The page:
IFC sponsors rape, drug seminar

Interfraternity Council Interim (IFC) Adviser Marissa Espinoza presents a donation to Leda Knee, counselor for the UCLA Rape Treatment Center, at IFC's Rape/Drug Seminar last Friday in Founders Auditorium. Knee and sophomore Sean Krispinsky shared their experiences about the new trend in date rape drugs, including Rohypnol and GHB. / photo by Scott Harvey
Interfraternity Council Interim (IFC) Adviser Marissa Espinoza presents a donation to Leda Knee, counselor for the UCLA Rape Treatment Center, at IFC’s Rape/Drug Seminar last Friday in Founders Auditorium. Knee and sophomore Sean Krispinsky shared their experiences about the new trend in date rape drugs, including Rohypnol and GHB. / photo by Scott Harvey

by Anna Maria Roy
For the Campus Times

The Interfraternity Council (IFC) sponsored the Rape/Drug Seminar last Friday. It featured Leda Knee from the UCLA Rape Treatment Center and sophomore Sean Krispinsky, who spoke about his experiences as a victim of Rohypnol.

The seminar was intended to educate the ULV community on the steady rise of drug-related rapes throughout the country, mainly college campuses.

“Our aim is to educate the entire ULV community,” a memorandum to students on behalf of the Council read. “Through this, we hope to prevent any instances harming our loved ones or ourselves.”

“This is something we need to tell everyone about. It’s a requirement for all IFC members to attend,” said IFC President Jeremy Houska.

Drugs like Rohypnol (also called “Roofies”) and Gamma-Hydroxybutyrate (GHB) are smuggled into the United States and then sold for a few dollars. They are readily available on the street and are used in dangerous and illegal ways. The drugs, which resemble aspirin, are put into the drinks of unknowing victims. Within 20 minutes of digestion, the drugs cause a sleepy, drunk, relaxed feeling, leaving the victim vulnerable to sexual assault, most likely rape.

The problem, which began in the 1970s, originated in Europe, and now exists in small and big cities alike. The critical problem is that the drugs are undetected to the human eye and dissolve within mere seconds. The drugs usually cannot be detected when they are taken by an individual, as they lack an odor, color and even a taste.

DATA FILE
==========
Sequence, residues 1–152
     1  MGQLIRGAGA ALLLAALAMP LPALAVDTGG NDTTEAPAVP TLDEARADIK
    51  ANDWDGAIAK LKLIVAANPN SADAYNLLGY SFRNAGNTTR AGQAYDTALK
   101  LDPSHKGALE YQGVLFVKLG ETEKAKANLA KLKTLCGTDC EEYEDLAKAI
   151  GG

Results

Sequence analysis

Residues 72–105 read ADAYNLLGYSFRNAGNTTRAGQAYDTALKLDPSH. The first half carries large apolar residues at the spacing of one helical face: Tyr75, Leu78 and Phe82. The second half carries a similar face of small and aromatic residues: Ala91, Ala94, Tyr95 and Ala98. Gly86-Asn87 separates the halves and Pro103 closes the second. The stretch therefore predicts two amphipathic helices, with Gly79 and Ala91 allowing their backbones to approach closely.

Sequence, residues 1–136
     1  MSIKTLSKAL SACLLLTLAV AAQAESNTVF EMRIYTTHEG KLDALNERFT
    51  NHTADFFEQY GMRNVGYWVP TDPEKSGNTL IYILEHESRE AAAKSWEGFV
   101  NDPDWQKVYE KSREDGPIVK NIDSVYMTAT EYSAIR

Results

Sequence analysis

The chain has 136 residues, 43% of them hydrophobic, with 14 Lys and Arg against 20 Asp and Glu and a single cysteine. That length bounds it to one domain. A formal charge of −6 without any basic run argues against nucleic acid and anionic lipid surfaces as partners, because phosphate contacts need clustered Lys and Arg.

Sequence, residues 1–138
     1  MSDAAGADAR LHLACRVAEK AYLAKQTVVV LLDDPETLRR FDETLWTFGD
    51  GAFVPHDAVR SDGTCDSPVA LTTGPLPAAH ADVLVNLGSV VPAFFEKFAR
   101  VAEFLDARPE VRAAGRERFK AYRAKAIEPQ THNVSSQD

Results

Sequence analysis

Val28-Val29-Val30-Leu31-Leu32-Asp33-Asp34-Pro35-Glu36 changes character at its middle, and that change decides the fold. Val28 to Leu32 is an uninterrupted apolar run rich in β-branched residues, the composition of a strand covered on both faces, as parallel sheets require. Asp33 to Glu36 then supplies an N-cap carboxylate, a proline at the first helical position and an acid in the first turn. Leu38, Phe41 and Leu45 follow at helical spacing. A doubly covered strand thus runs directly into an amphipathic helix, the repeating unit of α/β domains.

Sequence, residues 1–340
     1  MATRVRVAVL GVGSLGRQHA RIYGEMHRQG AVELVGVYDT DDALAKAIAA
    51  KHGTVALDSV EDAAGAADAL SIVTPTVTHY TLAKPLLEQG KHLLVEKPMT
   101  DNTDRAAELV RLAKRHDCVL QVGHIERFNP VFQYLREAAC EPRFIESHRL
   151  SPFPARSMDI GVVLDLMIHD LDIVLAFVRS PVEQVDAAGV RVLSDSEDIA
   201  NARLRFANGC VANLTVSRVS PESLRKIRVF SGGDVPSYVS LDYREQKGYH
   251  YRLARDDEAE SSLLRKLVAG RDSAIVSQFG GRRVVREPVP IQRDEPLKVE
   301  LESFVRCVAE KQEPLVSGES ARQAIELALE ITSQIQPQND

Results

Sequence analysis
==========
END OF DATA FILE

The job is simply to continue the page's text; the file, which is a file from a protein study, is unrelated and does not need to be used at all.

When taken with alcohol, as is usually the case, the effects of the drug are devastating. Amnesia and blackouts occur. In many instances, the sedative effects of Rohypnol can impair an individual’s judgment, and may result in comas, seizures and even death for its users.

Krispinsky was attending a fraternity party at UC Santa Barbara with friends when he was given the drug unintentionally. He took a drink intended for one of his female friends. The male student who had prepared the drink for the female warned Krispinsky not to drink it, but he did anyway, unaware of what was in it. Krispinsky returned to his room later that night.

“I was so disoriented that I couldn’t find my way out of the room,” he said. “I don’t recall a thing from that night, and I woke up with the worst feeling ever.”

Knee said victims of the drugs and of the drug-related rapes awaken feeling confused and sensing something wrong.

“Most rapes are caused by an acquaintance and are usually not reported. The rape needs to be reported by going to the hospital immediately, even if you are unsure or embarrassed. Otherwise, the person will probably do it again,” said Knee.

She also mentioned ways to prevent these circumstances, an individual should pour his or her own drinks, keep the drinks attended to at all times and look out for his or her friends.

The seminar ended with the presentation of a $250 donation from IFC to the UCLA Rape Treatment Center, which has been serving rape victims for free since the 1970s. An all-school picnic in the Quad followed the presentation. For more information on these matters, contact the University Health Center at ext. 4254.

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